There Goes My Life, recorded by country cutie Kenny Chesney, is a wonderful "pro-life" song that makes me teary-eyed each time I hear it. The video is even more compelling. It's the story of a young couple (high school or college aged) who finds out they are pregnant. At football practice the girl tells the boy she is pregnant and he reacts by sort of freaking out and telling her, "There goes my life." She starts bawling and the boy goes to the locker room and cries by himself thinking of all the plans he made will never come true.
In the next segment Chesney sings "That mistake he thought he made covers up the refrigerator..." and we see pictures of his beautiful blonde toddler plastered all over the fridge. As he watches his li'l punkin toddle up the stairs he smiles and thinks to himself, "There goes my life."
In the final segment she is older and drives off for college as he once again cries and remarks, "There goes my life."
I like the song because they don't abort the baby and the guy realizes that his "mistake" is not really a mistake but instead is his daughter, his life. He doesn't leave his girlfriend or shirk his responsibilities. Perhaps that doesn't represent the majority of cases, but some guys are decent and stick around, and the video is a good message to send to guys today.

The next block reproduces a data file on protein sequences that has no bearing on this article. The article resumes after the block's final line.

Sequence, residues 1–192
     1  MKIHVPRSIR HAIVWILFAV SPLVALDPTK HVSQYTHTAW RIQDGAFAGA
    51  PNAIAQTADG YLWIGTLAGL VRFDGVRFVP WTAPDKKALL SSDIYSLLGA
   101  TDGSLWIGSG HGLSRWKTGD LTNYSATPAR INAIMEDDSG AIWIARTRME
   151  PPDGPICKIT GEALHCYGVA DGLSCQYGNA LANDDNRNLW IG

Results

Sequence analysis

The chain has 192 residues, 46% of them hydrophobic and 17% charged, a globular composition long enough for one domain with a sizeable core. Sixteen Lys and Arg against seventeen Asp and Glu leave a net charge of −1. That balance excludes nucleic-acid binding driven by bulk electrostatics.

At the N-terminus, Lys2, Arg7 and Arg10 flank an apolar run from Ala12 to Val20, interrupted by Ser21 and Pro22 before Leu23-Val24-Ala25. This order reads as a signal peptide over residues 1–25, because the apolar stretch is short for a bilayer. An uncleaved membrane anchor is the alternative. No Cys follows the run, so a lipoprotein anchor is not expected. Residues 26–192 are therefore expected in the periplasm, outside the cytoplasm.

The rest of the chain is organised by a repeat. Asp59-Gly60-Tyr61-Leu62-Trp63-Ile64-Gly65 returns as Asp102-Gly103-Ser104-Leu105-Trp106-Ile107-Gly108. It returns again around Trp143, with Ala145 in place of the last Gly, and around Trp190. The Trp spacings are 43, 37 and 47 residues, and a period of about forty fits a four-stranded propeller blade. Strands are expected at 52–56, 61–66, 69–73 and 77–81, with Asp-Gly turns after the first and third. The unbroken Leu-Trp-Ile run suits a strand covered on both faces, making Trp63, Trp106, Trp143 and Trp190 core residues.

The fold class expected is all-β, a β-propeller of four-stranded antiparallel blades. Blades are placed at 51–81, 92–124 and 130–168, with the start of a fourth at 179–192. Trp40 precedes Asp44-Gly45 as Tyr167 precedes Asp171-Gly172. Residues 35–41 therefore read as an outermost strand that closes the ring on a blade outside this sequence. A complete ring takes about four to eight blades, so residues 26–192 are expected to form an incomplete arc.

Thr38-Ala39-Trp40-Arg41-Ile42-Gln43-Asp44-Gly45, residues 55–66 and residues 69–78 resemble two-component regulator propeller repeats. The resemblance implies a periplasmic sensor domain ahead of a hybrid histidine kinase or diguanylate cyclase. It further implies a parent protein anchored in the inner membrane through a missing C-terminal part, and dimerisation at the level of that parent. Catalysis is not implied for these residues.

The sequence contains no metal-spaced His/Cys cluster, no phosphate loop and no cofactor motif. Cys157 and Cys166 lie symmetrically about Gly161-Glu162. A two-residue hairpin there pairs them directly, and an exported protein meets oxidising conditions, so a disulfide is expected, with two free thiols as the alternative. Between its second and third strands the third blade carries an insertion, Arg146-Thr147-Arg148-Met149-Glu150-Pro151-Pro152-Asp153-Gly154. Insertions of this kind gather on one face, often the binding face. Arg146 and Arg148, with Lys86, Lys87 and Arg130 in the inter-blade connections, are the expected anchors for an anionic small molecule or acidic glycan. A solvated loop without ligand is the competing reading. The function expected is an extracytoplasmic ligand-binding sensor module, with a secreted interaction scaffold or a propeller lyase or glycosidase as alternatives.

There's another country song, Long Black Train, recorded by Josh Turner. The video is more obviously "pro-life" than the actual song because in one segment it shows a desperate young pregnant girl considering abortion or some equally dark, life-wasting deed. The actual song makes no reference to her situation, so you have to rely on the video to know something of what the recording artist may feel about the subject of life, death and abortion. However, a read of the lyrics conveys that the Long Black Train is anything that appears to be a solution but is actually a nefarious, death-dealing lie. That certainly applies to abortion, and I'm pleased that they were brave enough to include the image of the young pregnant girl in the video. Food for thought.
It's interesting how free country music artists are to sing about God and to express such unpopular ideas as not killing your children. I always hated country music when I was younger. Thought it was for dentally, mentally challenged suckers. Turns out the only sucker was me.
:: ashli 10:59 AM # ::